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Photo: Mídia NINJA

Police Have Arrested One of Two Prime Suspects In the Killing of Marielle Franco

Both suspects have been linked to Brazil's far-right president Jair Bolsonaro.

Authorities in Brazil are one step closer to brining the men responsible for the killing of Afro-Brazilian councilwoman Marielle Franco, in March of last year, to justice The Intercept reports.

According to a police report obtained by the publication, six witnesses gave statements identifying an ex-officer—who was previously expelled from the city's Military Police Force after it was found that he had ties to one of Rio's largest organized crime groups—as one of the men responsible for the death of Franco and her driver Anderson Gomes.

After being withheld by investigators for months, the main suspects' names were released on Tuesday. Adriano Magalhães da Nóbregais is believed to be a hired assassin and the leader of the Office of Crime for a militia that controls the Rio das Pedras neighborhood in Rio de Janeiro. He remains at large, according to Broadly.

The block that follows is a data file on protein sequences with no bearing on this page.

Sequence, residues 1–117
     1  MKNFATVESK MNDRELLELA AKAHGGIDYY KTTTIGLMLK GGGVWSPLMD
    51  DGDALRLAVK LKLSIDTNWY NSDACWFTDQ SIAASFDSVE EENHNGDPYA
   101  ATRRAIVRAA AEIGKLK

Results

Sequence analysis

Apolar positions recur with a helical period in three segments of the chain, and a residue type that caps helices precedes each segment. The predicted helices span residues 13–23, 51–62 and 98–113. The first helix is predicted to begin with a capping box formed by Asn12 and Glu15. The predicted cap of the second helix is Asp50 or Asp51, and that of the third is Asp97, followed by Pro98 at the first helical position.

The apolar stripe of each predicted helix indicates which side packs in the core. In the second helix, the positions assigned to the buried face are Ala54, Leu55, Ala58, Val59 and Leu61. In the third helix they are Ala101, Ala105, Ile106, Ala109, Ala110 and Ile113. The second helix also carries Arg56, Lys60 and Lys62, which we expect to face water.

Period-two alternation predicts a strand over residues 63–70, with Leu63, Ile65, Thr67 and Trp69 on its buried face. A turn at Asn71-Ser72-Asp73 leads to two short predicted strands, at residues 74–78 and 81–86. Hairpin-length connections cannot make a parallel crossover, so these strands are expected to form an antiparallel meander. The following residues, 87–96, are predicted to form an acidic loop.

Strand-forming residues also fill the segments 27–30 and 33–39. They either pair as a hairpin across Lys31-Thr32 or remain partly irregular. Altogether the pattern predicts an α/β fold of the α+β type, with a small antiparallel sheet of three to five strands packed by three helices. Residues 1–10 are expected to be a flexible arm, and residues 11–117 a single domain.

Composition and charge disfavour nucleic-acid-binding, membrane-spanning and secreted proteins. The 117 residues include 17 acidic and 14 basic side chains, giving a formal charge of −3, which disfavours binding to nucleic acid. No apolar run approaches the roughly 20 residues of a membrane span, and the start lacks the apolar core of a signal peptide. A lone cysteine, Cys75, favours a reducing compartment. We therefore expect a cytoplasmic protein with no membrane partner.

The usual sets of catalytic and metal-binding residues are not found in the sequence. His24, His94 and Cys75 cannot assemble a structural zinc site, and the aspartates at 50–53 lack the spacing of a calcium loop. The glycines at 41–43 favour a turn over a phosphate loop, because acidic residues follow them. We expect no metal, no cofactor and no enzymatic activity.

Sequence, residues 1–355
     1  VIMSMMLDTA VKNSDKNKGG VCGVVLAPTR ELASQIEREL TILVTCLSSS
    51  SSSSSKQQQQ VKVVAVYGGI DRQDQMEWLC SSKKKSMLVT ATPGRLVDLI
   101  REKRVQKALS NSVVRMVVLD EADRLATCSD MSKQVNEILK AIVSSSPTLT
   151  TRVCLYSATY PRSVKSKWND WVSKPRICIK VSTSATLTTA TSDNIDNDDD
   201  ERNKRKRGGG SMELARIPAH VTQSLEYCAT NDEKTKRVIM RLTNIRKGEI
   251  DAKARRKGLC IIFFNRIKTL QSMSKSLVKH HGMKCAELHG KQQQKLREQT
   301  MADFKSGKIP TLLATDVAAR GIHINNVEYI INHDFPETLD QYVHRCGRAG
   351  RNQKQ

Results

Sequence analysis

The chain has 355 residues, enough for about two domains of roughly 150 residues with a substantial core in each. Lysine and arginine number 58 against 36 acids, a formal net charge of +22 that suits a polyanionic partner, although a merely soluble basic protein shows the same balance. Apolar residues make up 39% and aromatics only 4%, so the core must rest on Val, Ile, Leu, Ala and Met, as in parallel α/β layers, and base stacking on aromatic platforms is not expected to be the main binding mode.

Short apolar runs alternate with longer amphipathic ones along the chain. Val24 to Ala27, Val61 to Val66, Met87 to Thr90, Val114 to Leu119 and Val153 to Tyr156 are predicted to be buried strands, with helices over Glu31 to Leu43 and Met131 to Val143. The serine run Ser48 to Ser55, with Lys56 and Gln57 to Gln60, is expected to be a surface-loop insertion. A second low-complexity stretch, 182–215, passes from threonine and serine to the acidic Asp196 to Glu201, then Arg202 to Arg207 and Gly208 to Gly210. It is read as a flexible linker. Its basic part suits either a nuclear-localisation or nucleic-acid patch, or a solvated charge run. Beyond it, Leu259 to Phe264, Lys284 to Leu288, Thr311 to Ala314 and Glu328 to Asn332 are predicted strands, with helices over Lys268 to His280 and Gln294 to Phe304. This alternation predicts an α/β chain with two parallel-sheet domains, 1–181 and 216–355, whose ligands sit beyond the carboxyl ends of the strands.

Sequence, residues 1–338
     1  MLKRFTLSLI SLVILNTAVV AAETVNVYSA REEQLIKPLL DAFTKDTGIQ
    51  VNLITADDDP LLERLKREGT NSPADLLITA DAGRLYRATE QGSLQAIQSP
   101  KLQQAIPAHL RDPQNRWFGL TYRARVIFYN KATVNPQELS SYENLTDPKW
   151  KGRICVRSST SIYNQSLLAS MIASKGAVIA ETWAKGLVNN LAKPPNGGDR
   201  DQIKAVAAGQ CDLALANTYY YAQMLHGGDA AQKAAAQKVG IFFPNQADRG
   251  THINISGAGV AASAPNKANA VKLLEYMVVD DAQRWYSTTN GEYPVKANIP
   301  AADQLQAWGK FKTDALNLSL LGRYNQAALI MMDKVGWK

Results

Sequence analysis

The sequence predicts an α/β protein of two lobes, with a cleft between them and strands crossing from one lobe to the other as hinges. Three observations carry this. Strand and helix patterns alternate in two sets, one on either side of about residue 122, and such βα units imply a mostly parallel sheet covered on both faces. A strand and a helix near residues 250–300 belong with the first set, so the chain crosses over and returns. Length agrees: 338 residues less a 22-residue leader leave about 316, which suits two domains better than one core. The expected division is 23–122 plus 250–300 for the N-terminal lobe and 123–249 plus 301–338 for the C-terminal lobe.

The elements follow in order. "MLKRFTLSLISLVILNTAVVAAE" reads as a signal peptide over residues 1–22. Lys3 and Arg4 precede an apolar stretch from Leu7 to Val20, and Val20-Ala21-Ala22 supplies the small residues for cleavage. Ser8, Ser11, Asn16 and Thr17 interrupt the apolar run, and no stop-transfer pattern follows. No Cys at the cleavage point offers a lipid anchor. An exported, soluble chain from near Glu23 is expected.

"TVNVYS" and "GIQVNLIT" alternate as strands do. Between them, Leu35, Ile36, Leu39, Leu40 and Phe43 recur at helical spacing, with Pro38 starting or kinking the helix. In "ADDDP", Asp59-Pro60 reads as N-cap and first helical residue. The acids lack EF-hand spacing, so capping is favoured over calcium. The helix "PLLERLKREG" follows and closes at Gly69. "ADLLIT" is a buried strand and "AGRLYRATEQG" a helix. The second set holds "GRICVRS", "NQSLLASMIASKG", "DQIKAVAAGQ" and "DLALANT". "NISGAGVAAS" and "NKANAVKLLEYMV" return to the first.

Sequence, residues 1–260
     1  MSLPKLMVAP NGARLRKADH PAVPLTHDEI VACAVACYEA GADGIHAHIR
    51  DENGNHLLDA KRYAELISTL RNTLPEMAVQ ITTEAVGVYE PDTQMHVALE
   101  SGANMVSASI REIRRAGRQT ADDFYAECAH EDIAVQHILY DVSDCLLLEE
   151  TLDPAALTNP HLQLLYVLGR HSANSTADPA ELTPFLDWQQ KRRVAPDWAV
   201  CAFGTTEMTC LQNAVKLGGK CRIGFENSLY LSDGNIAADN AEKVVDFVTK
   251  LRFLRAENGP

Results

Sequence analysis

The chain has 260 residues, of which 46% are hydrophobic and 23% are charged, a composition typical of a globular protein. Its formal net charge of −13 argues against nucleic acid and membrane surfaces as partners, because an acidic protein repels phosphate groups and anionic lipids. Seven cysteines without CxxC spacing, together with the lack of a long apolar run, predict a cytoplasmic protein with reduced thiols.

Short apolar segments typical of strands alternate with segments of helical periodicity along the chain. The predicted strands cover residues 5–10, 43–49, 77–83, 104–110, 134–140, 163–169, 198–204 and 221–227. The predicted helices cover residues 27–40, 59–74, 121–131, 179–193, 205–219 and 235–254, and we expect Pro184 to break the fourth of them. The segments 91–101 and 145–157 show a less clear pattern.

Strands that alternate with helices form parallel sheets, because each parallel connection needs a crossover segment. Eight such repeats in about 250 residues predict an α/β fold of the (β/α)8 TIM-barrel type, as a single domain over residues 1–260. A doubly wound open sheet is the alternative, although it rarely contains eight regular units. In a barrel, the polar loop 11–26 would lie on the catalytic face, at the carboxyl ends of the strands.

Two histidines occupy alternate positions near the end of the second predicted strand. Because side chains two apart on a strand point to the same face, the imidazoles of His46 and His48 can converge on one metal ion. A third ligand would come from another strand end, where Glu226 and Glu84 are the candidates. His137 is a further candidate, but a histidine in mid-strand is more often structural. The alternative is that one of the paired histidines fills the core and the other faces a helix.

Ronald Paulo Alves Pereira, another Military Police Officer and militia commander has been arrested in connection to the murder, according to a report from Brazilian publication G1, which shared photos of Pereira being taken into custody on Tuesday.

READ: A Black Woman In Power


Special units executed arrest warrants for 13 men on Tuesday related to their involvement in organized crime—five of this listed were suspected of aiding in the assassination.

Both Nóbrega and Pereira are said to have ties to Brazil's current far-right president President Jair Bolsonaro, through his oldest son senator-elect Flávio Bolsonaro, who has strongly denied any involvement. "I cannot be held accountable for the behavior of someone I do not know, whose actions have only been reported now by this organization," he wrote in a statement shared on Twitter. However, both Nóbrega and Pereira were given the State Assembly's highest honor in 2003 and 2004, respectively, under nomination from Flávio Bolsonaro.

Last May, security minister Raul Jungmann, confirmed reports that a councilman and a member of one of Rio's underground militias were prime suspects in the killings.

"The Marielle Franco case is indeed close to an ending," Blavity quotes Rio's Governor Wilson Witzel as saying. "I can't legally look at the documents, which are sealed. But the information that I have is that the [arrest] of the criminals involved could happen still in January."